In a rare turn of events, the Oscars chose the best film available to win the 2017 best picture award. In even more shocking circumstances, the film in question, Moonlight directed by Barry Jenkins, quietly resigned itself to an expected defeat by everyone's favourite La La Land, only for Jenkins to find his beautiful, small budget film had in fact beaten Damien Chazelle's all-singing, all-dancing blockbuster even if his film's name hadn't been announced. In a strange poetic justice, Hollywood ate itself as Faye Dunaway incorrectly announced the expected winner, only for news to eventually travel to the podium that they had called the wrong film in a hilariously awkward exchange that will perhaps eclipse either film's achievement.
Regardless, Moonlight is a stunning film, the best of the 2016-17 period, in its powerful portrayal of a young, poor, gay, black man – Chiron – and his upbringing in three acts: as a child, teen and young adult. Despite those specific characteristics, and its all-black cast, no less, the film manages to be both deeply personal and universally relatable, simultaneously poetic and polemic without ever losing sight of its characters' driving motives. Every aspect of the film is a success, which is why it remains with the viewer for a long time after its final credits have rolled, but its soundtrack, in particular, is a huge reason for the film's impact.
Jenkins enlisted Nicholas Britell, who ironically worked on Chazelle's previous film Whiplash, to create the film's atmospheric score with the instruction to blend Southern hip-hop with chamber orchestral music. Hence why Goodie Mob's 'Cell Therapy' sits happily alongside Mozart's 'Vesperae solennes de confessore' in the film's soundtrack. However, more importantly, when approaching the original soundtrack, Jenkins introduced the 'chopped and screwed' technique synonymous with the Detroit House sound of the early Nineties to Britell as a means to inhabit modern African American music with a more classical sound.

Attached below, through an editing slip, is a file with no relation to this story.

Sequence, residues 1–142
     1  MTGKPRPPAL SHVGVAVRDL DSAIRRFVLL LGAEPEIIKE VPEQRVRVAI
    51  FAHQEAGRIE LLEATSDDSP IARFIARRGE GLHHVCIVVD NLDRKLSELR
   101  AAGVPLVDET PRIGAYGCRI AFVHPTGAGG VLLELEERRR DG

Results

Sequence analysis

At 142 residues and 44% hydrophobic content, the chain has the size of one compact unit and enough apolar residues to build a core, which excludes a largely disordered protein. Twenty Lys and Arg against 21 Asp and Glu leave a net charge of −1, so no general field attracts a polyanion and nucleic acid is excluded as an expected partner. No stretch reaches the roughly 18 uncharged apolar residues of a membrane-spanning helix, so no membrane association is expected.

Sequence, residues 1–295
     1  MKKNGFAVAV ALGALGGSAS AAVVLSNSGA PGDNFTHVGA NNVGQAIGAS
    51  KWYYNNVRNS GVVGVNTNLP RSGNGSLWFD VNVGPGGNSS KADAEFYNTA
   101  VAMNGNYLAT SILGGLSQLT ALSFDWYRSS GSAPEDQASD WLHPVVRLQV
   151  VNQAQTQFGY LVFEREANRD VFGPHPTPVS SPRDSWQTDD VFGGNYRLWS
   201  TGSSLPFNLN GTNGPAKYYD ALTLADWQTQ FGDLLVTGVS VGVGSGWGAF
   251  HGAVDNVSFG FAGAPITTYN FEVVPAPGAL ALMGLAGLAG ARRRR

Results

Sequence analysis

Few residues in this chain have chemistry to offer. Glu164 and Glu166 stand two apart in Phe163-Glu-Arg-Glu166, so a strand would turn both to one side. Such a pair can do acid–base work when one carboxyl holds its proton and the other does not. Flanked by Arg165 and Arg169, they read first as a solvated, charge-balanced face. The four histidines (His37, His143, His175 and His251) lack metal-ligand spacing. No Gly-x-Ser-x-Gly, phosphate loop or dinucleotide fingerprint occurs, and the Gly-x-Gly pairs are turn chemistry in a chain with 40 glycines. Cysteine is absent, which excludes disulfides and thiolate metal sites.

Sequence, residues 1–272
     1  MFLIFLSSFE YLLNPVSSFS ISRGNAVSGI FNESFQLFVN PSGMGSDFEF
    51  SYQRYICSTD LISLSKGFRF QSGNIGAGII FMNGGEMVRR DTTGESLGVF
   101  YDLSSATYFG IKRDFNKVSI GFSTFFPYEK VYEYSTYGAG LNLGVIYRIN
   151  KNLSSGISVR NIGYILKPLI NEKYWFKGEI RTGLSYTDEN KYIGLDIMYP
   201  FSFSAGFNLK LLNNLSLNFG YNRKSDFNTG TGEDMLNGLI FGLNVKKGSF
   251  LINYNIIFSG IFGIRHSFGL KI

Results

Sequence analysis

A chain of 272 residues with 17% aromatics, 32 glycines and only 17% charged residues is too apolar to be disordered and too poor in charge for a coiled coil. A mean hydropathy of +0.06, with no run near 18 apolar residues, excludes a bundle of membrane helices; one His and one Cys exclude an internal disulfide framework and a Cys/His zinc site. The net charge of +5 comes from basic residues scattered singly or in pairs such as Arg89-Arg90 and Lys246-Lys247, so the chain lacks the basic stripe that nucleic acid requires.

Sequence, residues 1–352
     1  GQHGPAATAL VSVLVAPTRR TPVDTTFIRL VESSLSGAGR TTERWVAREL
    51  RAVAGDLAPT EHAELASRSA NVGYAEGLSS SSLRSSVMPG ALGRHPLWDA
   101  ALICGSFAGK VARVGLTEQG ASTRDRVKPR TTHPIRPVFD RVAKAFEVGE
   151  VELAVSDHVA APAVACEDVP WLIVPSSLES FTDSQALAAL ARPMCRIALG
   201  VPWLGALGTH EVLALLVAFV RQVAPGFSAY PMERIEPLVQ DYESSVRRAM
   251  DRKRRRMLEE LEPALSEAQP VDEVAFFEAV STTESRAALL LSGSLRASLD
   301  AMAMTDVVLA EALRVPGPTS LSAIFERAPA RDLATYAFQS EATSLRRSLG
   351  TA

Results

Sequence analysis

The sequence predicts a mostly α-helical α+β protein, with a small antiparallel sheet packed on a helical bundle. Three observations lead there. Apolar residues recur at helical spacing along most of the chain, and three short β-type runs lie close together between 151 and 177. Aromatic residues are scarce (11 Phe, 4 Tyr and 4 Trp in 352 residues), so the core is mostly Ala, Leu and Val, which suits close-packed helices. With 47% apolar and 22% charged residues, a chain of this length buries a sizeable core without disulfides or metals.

As a result, many of the original pieces Britell wrote for the soundtrack became slowed-down and altered using the mixing technique, in order to create an emotional atmosphere resonant with what is happening on screen. Even if one is listening to the soundtrack sans context of its parent film, there is a lingering feeling in Britell's altered score that is deeply affecting beyond simply being a 'well-composed piece of music', often due to a darkened piano or violin melody. With context, Britell's pieces tend to be played during dream sequences or by water, both of which being reoccurring themes in the film, which becomes explicit by the time of the film's final shot, shown here in the song 'Who is You?' ending in waves crashing against the Miami shore.
Moonlight opens with Boris Gardener's 'Every Nigger is a Star' which to most is known as the opening sample of Kendrick Lamar's To Pimp a Butterfly, including Jenkins himself. It is an angry song about racial profiling, with a filmic history having been written for the blacksploitation film of the same name, with its chorus a message of defiance which shares much of the film's subdued anger. While Jenkins deliberately avoids time-stamps in the film, Gardener's song, along with Barbara Lewis's 'Hello Stranger', creates a sense of timelessness similar to Britell's altered-state chamber music. Ultimately, Britell's soundtrack is every bit as unnerving and beautiful as the film it colours and is well worth exploring as a wonderful piece of contemporary music, as well as cinema.
8Adam Turner-Heffer's Score